Most dealers will tell you it takes about 20% markup just to handle parts. They have employees, overhead and other fixed costs to cover beyond the price they pay for the part. Plus they tie up a large amount of capital in stock. So expecting them to pass on parts with no profit is unrealistic. However, that said, many will work with a customer on such a large ticket item. Most also have a discount plan they offer large customers like independent shops; you might find one that will order for you and pass on part of the discount.

In the aftermarket rebuild world, it's "pays your money, takes your choice." There are very good and very bad and all in between. Only thorough investigation, including checking with your state's Attorney General office and BBB, can guide you. Supplement by talking to other owners who have had work done there. A reputable shop will give references. The advice posted elsewhere on rebuild shops for engines applies to trannies.

I'm sorry you're looking at a big repair bill. Have you gone through that troubleshooting chart? Take some time and do things in a logical order -- don't panic and make a wrong decision.
 

Capt. Mike

Moderator
Transferred from another post to consolidate same topics.

RPM at 70mph for 91 West with Auto Trans

potami Junior Member # 2241 posted 09-10-2001 11:18 AM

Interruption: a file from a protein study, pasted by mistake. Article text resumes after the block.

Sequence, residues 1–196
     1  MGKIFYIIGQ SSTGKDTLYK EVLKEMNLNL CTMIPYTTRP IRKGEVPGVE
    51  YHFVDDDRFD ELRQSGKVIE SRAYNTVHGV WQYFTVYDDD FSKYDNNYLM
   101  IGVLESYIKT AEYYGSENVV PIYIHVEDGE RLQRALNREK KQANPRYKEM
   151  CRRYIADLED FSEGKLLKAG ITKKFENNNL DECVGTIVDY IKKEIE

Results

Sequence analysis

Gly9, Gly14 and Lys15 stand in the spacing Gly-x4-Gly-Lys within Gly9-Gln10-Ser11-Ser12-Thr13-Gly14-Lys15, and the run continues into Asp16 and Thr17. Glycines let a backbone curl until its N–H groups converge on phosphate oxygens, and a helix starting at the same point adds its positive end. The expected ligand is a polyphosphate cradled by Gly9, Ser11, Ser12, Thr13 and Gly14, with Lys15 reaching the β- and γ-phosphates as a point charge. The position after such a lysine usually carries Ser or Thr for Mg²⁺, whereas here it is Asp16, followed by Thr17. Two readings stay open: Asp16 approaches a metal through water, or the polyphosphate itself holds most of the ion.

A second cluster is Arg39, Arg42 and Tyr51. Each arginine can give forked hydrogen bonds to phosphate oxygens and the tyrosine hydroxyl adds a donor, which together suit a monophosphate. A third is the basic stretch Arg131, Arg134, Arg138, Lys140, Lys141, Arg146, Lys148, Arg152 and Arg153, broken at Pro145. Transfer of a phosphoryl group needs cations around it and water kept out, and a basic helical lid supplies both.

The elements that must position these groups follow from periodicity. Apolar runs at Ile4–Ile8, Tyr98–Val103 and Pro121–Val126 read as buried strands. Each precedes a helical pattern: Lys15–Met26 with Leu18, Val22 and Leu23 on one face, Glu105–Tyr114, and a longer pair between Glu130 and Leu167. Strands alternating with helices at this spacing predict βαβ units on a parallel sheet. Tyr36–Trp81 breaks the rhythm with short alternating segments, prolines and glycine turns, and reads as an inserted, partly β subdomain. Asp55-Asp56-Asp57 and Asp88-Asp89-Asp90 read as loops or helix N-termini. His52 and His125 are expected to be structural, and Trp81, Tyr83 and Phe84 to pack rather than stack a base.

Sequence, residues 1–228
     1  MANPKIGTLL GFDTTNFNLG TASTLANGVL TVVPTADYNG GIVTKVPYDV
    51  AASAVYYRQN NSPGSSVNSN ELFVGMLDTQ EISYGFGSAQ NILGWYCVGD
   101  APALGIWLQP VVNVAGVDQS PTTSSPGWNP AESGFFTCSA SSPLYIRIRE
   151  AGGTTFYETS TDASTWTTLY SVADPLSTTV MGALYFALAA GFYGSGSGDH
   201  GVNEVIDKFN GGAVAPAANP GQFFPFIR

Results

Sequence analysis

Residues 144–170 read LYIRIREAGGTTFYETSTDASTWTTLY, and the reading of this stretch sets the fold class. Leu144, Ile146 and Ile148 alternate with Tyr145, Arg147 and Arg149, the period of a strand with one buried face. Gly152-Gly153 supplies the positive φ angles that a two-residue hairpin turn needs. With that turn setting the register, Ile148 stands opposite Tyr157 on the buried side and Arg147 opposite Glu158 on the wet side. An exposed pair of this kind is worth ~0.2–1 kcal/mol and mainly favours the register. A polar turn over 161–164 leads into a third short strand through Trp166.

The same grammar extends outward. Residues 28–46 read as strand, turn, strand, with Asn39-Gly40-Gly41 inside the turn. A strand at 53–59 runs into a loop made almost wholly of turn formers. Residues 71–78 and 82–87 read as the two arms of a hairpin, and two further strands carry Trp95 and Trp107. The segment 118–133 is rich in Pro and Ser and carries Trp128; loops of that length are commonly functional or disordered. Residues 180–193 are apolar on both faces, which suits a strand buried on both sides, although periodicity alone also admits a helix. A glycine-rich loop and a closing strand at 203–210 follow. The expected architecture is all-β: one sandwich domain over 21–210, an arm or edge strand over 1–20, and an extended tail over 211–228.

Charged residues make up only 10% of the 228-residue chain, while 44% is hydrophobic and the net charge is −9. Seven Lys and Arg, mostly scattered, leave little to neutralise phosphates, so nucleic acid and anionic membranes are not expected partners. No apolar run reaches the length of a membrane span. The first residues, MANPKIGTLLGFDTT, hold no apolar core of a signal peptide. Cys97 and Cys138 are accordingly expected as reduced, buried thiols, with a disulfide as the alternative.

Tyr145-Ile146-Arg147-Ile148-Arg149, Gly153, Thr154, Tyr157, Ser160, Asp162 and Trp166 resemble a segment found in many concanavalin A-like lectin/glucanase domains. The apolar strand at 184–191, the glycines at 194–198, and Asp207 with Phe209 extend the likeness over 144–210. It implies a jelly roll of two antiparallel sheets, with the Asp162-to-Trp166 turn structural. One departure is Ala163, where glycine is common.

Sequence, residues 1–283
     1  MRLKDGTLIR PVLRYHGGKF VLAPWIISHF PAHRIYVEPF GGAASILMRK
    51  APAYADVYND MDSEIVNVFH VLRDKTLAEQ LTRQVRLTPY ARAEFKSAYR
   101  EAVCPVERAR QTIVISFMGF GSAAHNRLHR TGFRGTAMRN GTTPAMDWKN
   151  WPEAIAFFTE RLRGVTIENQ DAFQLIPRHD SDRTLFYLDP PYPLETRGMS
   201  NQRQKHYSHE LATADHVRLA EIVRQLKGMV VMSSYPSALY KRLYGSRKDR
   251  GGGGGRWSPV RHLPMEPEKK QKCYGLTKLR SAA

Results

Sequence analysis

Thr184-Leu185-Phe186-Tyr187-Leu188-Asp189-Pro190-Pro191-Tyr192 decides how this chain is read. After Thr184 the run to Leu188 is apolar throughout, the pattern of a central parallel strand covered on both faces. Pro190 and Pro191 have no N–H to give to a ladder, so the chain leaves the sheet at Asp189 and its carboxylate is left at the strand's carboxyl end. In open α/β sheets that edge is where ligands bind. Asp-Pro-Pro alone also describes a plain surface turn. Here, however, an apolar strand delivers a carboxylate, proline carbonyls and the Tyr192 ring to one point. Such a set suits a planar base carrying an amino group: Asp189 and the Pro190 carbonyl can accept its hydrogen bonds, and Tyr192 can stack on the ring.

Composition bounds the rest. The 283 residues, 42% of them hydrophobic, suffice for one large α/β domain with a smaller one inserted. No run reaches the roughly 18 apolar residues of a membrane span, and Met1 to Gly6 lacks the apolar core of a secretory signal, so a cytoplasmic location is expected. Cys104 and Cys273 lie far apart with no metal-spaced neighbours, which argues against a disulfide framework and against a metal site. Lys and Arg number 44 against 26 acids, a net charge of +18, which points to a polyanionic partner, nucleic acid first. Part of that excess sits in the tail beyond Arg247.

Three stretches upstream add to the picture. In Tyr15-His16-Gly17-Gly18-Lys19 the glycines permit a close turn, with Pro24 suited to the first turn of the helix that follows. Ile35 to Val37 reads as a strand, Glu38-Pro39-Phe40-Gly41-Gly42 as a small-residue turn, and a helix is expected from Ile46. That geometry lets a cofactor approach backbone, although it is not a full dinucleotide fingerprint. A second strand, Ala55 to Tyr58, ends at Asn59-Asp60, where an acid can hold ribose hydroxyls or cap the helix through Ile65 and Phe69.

A mechanic (non VW) friend of mine was surprised when I told him that my van was at 4,000 rpm at 70 mph (on the edge of the green area of the tachometer.)
Is this a normal rpm value for that speed? It is an auto trans (the first AT van I have owned).

Also, the trans does not seem to have much of a passing gear kick-down. Regardless of the speed, putting the accelerator down will not lead to a downshift. Do I have anything to be concerned about here?

Thanks!!!!

Nicholas Garbis
Minneapolis, MN
 

Capt. Mike

Moderator
If you are not down-shifting, you most certainly should be concerned. Your Bentley manual section 37.17 suggests the most common cause & 37.19 lists specs. How to adjust is also in the manual.

The A/T has a final drive ratio of 1.00:l, considerably lower than a M/T's 0.85:1. Thus RPM will run about 15% higher for a given speed. Yes, the 'green' on the tach goes to 4,000 RPM, but I suggest you read the post under ENGINES about breaking in a rebuilt engine -- it contains some excellent advice on sound driving practices for long engine life that apply to all engines. If you spend a lot of time running at 4,000 RPM, prepare to spend a lot of time in the shop.
 

Capt. Mike

Moderator
Transferred to consolidate same topic.

93 Westfalia with Unstoppable Automatic trans Leak

Ben of Indy Junior Member # 2682 posted 12-05-2001 05:57 PM